Perhaps my favorite definition of the word sacrament is “the visible sign of an invisible grace.” Coined during the Council of Trent by Augustine of Hippo, the North African theologian on whose theology much of Western Christianity laid its foundations, it remains one of the most used definitions in both the Roman Catholic and mainline Protestant traditions.
by Claudia Aguilar Rubalcava
Gail RamshawGail Ramshaw, a retired professor of religion, studies and crafts liturgical language from her home outside of Washington, D.C.While our God is before all time, heard through the ages, God is also with us in this moment. How can we trust that ancient words...
by Gail Ramshaw
If your church is at all like mine, baptisms are one of the most joyous occasions of the Christian liturgical life. It is a profound gift to witness the new life that is birthed from the waters and to be reminded of God’s promises to us as we make or renew our promises to God and one another. And, as with so many of our Christian rites, baptism is both solemnized and celebrated with song.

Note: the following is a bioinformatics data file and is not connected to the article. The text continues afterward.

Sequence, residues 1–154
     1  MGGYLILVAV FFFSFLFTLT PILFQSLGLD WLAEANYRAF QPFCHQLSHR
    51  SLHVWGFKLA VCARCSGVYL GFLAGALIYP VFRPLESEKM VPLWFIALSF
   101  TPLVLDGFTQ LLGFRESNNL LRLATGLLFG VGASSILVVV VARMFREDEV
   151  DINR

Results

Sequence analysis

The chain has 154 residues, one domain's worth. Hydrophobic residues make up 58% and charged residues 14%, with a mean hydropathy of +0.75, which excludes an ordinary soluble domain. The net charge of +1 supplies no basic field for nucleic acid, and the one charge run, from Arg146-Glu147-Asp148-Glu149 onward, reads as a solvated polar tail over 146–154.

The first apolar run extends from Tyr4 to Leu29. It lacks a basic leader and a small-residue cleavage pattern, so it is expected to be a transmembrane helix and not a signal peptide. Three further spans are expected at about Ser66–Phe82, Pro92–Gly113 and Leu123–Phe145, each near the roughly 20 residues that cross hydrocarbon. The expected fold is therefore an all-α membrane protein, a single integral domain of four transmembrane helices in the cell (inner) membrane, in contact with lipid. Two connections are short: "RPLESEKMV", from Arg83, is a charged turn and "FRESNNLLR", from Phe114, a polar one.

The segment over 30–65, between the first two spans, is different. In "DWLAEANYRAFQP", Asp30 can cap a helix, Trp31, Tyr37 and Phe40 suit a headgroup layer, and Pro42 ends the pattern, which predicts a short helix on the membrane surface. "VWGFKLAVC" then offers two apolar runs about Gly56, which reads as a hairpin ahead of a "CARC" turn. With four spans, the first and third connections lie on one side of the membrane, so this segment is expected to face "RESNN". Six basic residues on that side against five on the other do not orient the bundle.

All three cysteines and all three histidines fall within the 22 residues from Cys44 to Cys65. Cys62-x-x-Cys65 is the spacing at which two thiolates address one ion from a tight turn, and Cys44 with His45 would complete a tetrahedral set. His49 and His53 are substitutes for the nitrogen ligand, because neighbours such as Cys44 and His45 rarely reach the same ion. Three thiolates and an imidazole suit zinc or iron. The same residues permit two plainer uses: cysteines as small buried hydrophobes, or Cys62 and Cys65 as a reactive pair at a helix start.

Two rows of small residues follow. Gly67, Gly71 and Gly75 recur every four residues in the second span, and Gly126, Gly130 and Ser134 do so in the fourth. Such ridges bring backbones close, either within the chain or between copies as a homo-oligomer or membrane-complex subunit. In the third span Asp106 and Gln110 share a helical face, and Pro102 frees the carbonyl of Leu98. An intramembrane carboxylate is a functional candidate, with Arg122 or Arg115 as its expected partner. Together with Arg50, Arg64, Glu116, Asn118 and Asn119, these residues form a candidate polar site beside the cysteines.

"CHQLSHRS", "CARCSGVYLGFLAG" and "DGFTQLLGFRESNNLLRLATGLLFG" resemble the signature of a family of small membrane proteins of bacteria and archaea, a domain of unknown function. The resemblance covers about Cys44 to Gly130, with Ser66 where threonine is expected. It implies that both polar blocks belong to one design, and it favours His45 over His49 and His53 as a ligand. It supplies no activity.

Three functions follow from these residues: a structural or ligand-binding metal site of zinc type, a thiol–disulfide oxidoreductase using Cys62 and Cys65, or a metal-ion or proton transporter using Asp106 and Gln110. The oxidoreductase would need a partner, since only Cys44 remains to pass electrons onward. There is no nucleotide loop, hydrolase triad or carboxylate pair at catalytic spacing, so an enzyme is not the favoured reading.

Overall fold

by David Bjorlin
I received the opportunity to baptize a baby during my first call as an associate pastor in a growing, vibrant congregation. I was both excited and anxious because such opportunities are rare while working under a well-established head of staff.
by Larissa Kwong Abazia
When I think “baptism,” the word “choreography” is not the first word I imagine. Instead I think of my friend Gayden, who says second babies often walk down the aisle to the font because their parents have long given up on making the family baptismal gown fit. I think of congregations holding their breath to see if the baby will wake up and cry when the water hits their universe, only to find their own faces wet with tears of joy.
by Ann Laird Jones